ARCH is hosted at University College Dublin (UCD) where researchers from clinical, engineering, technology, policy and economic fields - with input from University of Limerick (UL) and almost all Higher Education Institutes in the country with connected health research capabilities - will collaborate to deliver on the connected health research agenda defined by its industry steering group.
Launching ARCH at a demonstration of the connected health technology in the Mater Misericordiae University Hospital this morning, Minister Bruton said:
“Healthcare is a key sector which we have targeted as part of our Action Plan for Jobs, and we have put in place a range of measures including the establishment of a national healthcare innovation hub to support more Irish companies to establish and grow jobs. The technology centre we are launching today will be another crucial support for job-creation in this area. By investing €5 million, and above all by bringing together industry and researchers to work on common problems, we can develop cutting edge technologies and accelerate job-creation right across the country”.
Connected Health is the utilisation of “connecting” technologies i.e. communication systems – broadband, wireless, mobile phone, fixed phone lines - and medical devices and treatments for healthcare applications. In addition, technologies relating to sensors, alarm systems, vital sign monitoring devices, health informatics and data management systems are also fundamental to the development of connected health solutions.
Explaining the need for a connected health approach to delivering clinical services, Michael O’Shea, ARCH Centre Director said; “Every country in the world is facing infinite demand for healthcare services from finite resources, spiralling costs caused by the invention of new drugs, medical equipment and procedures, higher patient expectations and an ageing population (by 2051, close to 40% of the EU’s population will be older than 65). Combined with shortages of health professionals, the scale of the challenge is daunting. However advances in technology, such as those being developed through ARCH, are enabling a shift towards personalised healthcare and information-based health services which will improve patient experiences and reduce the cost of delivering healthcare.”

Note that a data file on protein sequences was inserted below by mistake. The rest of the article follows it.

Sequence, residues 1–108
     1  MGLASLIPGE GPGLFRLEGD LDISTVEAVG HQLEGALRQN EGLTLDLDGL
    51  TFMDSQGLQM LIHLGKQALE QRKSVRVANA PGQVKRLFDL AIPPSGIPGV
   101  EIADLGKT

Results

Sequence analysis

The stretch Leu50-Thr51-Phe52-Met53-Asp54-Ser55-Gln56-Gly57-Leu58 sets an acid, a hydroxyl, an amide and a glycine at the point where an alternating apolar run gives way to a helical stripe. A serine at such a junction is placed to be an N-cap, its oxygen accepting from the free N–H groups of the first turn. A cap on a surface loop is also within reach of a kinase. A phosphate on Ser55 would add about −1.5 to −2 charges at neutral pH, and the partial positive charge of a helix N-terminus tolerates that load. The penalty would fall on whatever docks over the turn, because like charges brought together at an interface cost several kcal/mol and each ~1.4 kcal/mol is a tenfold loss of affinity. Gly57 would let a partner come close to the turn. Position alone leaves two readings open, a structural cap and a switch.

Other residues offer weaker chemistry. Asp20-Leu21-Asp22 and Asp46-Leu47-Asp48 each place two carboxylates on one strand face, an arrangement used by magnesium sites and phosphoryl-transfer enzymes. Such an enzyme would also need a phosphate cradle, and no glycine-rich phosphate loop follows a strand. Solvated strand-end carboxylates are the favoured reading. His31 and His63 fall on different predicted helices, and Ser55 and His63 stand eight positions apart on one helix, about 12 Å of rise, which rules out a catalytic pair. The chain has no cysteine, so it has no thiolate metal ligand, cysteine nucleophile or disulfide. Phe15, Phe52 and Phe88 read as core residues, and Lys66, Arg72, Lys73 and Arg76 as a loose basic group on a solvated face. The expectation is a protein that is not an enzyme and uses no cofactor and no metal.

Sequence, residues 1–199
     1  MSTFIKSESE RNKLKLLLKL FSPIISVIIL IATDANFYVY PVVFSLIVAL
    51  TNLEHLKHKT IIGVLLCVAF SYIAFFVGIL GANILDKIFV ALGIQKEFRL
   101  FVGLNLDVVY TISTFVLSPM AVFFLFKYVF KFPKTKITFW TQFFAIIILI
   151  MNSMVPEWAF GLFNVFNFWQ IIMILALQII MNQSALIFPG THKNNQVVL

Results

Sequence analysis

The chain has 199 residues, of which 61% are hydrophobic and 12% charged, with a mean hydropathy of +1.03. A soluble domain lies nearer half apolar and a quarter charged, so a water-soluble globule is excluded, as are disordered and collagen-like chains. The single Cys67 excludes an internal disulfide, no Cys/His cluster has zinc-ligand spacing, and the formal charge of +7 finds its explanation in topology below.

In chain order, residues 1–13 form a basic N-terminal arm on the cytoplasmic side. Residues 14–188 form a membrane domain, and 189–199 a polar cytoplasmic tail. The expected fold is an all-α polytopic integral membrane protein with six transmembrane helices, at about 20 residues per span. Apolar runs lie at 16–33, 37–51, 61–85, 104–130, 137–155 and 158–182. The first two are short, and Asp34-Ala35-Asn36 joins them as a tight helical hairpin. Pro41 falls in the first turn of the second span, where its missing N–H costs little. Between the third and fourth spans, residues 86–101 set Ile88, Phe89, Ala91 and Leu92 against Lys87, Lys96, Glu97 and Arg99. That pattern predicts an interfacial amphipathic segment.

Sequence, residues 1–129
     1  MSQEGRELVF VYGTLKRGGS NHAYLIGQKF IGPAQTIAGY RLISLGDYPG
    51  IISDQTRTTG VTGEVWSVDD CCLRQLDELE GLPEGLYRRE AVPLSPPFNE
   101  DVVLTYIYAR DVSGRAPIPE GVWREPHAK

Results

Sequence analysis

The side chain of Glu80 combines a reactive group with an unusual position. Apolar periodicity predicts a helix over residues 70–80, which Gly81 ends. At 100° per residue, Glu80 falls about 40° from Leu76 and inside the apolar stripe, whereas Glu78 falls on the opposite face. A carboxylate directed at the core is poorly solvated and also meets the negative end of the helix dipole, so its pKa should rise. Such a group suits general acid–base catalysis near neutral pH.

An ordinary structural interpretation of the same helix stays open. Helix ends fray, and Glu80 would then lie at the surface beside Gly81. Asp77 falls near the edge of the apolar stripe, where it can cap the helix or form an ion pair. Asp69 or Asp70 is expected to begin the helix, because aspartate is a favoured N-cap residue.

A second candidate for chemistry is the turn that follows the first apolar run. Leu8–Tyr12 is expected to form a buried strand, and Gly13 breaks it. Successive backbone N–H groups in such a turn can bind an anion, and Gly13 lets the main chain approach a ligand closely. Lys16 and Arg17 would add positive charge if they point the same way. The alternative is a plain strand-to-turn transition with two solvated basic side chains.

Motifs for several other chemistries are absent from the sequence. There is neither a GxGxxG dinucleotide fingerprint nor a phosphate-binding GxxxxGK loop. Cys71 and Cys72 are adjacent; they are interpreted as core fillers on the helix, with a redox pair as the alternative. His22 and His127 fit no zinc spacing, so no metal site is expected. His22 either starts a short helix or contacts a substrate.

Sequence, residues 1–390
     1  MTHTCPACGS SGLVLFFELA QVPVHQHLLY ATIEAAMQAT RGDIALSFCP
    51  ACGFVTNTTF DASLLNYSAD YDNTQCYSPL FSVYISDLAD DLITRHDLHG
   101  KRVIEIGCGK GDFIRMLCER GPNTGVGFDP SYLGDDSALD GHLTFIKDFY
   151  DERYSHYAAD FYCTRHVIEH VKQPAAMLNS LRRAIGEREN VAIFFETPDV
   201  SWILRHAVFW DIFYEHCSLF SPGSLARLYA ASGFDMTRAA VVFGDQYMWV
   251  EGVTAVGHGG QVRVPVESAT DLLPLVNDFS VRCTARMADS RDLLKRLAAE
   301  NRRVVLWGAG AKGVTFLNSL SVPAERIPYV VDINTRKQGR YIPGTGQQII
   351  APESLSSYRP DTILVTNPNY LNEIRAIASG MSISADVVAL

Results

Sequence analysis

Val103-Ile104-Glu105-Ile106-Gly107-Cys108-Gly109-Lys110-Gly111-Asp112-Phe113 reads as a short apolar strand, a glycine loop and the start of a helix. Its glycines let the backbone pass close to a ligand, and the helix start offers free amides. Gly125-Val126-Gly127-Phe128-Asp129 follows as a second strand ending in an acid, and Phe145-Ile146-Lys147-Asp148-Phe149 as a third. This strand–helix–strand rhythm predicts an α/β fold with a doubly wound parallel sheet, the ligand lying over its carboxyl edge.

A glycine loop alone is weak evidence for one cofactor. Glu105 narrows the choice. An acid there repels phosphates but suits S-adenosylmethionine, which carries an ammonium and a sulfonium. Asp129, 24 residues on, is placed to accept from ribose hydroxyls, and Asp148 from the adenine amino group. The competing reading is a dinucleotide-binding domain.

During the initial research phase, the team at ARCH under the direction of UCD’s Professor Brian Caulfield, UCD School of Public Health, Physiotherapy and Population Science, focused on caring for patients with dementia. The ARCH model will now be applied to a broader range of clinical conditions as determined by industry and healthcare needs such as diabetes and heart disease.
ARCH is headquartered at NexusUCD, the Industry Partnership Centre at UCD, and there are currently 15 industry partners steering the ARCH research programme including; ADA Security Systems, Boston Scientific, Hermitage Medical Clinic, ICON, OpenHealth, Novartis, Relate Care, S3 Group, Swiftqueue, Theya Lingerie, Two Ten Health, Vitalograph, Philips, Resmed and Vu2Vu; all actively involved in the connected health sector.
Representing the industry steering group, its independent chairman Oliver Tattan said; “The ARCH approach enables us to shift from a reactive episodic healthcare model to a more proactive model that connects stakeholders across the spectrum - from the home to the acute care setting - throughout the lifespan and puts the patient at the centre of the process. In doing so, a Connected Health approach has the potential to empower patients, clinicians and healthcare planners alike by means of delivery of pertinent information at appropriate intervention points in the care pathway.”
Speaking at the launch Gearóid Mooney, Research & Innovation Manager, Enterprise Ireland, said: "Market-focused technology centres such as ARCH are an effective model for ensuring that the application of State-funded research in Ireland is closely coupled to industry needs. Experience to date has established that it can deliver real results for the companies, the research community and ultimately accomplish the state's objective of investing in the commercialisation of research in sectors of strategic and economic importance to Ireland."